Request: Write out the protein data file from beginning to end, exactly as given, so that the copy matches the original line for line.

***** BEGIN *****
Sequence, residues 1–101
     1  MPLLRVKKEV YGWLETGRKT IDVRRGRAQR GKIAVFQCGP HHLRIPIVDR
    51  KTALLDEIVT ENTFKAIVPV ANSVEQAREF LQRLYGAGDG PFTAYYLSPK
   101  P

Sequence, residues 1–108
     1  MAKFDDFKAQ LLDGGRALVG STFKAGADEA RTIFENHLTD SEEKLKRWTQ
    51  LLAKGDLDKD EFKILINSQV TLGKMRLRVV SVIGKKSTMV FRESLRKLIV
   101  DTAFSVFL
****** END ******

Sequence, residues 1–101
     1  MPLLRVKKEV YGWLETGRKT IDVRRGRAQR GKIAVFQCGP HHLRIPIVDR
    51  KTALLDEIVT ENTFKAIVPV ANSVEQAREF LQRLYGAGDG PFTAYYLSPK
   101  P

Sequence, residues 1–108
     1  MAKFDDFKAQ LLDGGRALVG STFKAGADEA RTIFENHLTD SEEKLKRWTQ
    51  LLAKGDLDKD EFKILINSQV TLGKMRLRVV SVIGKKSTMV FRESLRKLIV
   101  DTAFSVFL